A static website is one that has web pages stored on the server in the format that is sent to a client’s web browser. It is mainly encoded in Hypertext Markup Language (HTML); Cascading style sheets (CSS) are used to control the appearance there of basic HTML. Images are commonly used to carry out the desired look and as part of the main page. Audio or video can also be considered “static” content if it is read automatically and is generally not interactive. This type of website usually shows the same information to all visitors. Similar to distributing a printed brochure to customers or clients, a static web page usually provide consistent, standard information over an extended period of time. Although the website owner can make changes periodically, it is a manual process to edit text, images and other contents of the website and may require design skills and basic software. Simple forms or examples of website marketing such as the classic website, a website or a five page brochure website are often static web sites because they have predefined static information for the user. This can include information about a company and its products and services through text menus, photos, animations, audio / video and navigation.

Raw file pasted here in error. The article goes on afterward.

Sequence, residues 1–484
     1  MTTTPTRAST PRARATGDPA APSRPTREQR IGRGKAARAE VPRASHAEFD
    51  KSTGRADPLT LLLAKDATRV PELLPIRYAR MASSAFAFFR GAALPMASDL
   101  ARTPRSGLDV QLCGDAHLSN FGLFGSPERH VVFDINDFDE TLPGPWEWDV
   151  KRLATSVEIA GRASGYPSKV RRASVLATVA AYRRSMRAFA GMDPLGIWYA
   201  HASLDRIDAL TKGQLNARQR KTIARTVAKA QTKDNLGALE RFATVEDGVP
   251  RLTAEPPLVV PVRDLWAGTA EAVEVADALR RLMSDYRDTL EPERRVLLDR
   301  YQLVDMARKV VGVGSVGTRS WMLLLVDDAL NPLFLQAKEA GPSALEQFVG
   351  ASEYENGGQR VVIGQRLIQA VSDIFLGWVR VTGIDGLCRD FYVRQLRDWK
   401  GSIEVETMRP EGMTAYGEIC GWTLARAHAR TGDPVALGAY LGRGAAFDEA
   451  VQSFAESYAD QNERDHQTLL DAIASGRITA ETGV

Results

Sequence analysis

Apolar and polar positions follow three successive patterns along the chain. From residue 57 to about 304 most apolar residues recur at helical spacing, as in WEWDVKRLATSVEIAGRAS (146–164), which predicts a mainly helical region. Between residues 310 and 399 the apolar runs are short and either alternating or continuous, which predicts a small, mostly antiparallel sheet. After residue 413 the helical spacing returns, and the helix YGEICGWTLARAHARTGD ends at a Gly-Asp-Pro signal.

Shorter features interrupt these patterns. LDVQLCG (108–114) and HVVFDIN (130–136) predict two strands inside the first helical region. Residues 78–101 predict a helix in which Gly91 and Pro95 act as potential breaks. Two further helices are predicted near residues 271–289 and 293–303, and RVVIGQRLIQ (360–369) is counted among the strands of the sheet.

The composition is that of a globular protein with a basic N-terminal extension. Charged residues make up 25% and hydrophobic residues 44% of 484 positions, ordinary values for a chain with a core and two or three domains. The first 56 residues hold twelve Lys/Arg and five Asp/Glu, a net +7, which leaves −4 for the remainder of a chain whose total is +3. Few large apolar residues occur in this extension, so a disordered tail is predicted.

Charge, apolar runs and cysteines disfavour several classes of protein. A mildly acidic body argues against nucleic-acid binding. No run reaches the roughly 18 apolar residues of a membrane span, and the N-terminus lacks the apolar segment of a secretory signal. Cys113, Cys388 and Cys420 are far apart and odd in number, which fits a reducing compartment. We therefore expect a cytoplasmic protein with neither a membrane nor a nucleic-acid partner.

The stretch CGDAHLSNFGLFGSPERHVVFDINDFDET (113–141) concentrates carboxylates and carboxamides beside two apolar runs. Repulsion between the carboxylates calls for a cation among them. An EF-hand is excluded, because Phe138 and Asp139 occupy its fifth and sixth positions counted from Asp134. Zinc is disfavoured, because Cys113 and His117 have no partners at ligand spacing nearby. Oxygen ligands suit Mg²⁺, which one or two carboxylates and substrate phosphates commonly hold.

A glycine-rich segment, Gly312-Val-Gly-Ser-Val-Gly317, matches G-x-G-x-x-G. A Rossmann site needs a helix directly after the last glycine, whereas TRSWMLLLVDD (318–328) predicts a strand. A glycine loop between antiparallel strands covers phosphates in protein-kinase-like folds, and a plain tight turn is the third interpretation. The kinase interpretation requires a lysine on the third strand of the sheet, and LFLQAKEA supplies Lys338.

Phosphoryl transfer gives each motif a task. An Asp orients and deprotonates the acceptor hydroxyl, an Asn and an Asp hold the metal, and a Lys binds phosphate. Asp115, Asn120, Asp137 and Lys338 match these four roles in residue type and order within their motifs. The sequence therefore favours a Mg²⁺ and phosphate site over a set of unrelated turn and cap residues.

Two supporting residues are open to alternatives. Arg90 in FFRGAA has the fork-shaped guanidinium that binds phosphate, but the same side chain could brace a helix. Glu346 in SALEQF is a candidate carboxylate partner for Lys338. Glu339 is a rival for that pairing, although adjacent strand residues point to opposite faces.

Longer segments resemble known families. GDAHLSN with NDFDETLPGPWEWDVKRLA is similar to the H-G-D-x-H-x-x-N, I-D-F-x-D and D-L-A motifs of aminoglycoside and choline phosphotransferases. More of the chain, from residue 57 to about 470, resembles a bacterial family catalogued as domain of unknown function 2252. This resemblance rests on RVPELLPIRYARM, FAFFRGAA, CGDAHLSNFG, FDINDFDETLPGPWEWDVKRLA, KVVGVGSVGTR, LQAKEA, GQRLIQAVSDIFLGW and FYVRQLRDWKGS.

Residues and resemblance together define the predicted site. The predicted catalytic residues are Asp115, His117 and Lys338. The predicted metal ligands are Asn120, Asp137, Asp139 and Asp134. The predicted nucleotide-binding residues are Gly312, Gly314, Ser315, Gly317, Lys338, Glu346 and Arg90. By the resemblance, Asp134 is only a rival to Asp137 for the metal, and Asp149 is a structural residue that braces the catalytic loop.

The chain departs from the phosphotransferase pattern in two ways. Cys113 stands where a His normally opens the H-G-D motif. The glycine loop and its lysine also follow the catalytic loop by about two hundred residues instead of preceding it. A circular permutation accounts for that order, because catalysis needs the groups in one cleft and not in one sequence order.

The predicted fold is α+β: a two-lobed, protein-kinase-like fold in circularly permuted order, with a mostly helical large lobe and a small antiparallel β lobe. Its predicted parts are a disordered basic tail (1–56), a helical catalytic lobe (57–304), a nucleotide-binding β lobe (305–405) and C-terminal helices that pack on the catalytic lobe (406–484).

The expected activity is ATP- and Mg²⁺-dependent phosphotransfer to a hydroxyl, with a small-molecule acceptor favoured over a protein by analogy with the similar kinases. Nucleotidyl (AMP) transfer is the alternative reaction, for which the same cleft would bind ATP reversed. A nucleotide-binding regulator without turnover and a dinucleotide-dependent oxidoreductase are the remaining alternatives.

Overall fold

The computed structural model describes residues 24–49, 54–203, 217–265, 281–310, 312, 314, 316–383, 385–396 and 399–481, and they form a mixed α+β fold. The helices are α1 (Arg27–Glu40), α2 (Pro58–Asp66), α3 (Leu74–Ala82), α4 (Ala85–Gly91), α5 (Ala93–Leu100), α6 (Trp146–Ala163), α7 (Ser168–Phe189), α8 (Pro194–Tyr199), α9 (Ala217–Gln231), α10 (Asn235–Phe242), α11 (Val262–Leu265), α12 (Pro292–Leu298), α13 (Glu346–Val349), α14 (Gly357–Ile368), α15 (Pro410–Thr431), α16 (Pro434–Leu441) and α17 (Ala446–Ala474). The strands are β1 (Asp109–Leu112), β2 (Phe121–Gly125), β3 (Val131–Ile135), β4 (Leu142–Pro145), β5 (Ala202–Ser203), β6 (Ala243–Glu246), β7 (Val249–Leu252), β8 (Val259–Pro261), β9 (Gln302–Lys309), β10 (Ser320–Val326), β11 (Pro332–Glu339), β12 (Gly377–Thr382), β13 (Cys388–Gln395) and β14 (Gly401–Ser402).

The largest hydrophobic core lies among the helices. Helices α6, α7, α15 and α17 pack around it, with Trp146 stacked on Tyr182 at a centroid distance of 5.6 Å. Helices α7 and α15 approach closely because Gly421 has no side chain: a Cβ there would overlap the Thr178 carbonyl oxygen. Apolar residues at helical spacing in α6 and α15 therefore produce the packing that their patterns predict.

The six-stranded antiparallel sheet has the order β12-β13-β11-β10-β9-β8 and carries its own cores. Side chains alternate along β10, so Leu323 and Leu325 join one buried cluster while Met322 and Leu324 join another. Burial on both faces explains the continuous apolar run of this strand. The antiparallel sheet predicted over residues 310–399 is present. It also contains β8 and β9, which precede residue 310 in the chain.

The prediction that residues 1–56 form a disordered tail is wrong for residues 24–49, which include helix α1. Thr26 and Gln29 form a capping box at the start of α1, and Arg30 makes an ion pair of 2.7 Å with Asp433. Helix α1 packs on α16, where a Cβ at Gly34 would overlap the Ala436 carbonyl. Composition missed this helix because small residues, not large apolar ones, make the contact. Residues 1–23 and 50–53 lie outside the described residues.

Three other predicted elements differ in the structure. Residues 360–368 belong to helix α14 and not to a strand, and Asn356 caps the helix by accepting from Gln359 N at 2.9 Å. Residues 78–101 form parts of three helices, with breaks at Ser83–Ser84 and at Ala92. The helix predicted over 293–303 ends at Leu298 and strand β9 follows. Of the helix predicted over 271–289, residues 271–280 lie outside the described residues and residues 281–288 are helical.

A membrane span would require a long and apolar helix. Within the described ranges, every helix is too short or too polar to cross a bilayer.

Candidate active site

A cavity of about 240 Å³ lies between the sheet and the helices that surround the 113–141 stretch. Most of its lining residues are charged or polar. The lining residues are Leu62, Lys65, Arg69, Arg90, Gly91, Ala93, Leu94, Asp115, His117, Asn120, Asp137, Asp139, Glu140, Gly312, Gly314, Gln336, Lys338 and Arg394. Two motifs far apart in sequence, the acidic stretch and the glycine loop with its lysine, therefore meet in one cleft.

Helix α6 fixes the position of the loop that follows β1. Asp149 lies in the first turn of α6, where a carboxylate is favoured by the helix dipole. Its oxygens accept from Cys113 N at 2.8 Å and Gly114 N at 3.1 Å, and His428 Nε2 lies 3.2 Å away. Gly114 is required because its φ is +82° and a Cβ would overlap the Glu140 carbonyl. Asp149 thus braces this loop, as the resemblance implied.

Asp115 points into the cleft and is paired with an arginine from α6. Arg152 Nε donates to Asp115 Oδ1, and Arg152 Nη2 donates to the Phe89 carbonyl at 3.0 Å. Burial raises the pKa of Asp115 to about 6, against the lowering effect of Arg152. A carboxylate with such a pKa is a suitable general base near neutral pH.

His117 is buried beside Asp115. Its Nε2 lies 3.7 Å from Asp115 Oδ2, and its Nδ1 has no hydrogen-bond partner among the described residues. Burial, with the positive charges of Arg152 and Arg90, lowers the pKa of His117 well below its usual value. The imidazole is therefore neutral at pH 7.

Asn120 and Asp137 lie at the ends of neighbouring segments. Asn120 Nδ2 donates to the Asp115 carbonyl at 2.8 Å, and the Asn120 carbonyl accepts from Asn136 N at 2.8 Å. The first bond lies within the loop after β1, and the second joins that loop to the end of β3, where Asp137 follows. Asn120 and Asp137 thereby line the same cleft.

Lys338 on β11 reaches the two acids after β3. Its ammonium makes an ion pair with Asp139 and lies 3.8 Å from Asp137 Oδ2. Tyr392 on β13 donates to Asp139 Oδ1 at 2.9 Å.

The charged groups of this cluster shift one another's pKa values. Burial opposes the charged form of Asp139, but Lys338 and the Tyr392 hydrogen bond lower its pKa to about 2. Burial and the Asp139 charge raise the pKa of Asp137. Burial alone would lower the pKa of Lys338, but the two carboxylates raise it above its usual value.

Static web pages can be edited with four broad categories of software:
Text editors, such as Notepad or TextEdit, where content and HTML formatting is handled directly in the editor program
Off-line WYSIWYG editors, such as Microsoft FrontPage and Adobe Dreamweaver (formerly Macromedia Dreamweaver), with which the site is edited using a GUI interface and the final HTML markup is generated automatically by the editing software
WYSIWYG online publishers who create rich media presentation online like web pages, widgets, introduction, blogs and other documents.
Model-based publishers such as iWeb allow users to create and load web pages on a web server without detailed knowledge of HTML because they choose a suitable template from a palette and do not add images and text without direct manipulation of HTML code .
Static web pages can continue to use server-side (SSI) inclusions such as edit convenience, such as sharing a common menu bar on multiple pages. As the site behavior for the unit remains static, it is not considered a dynamic site.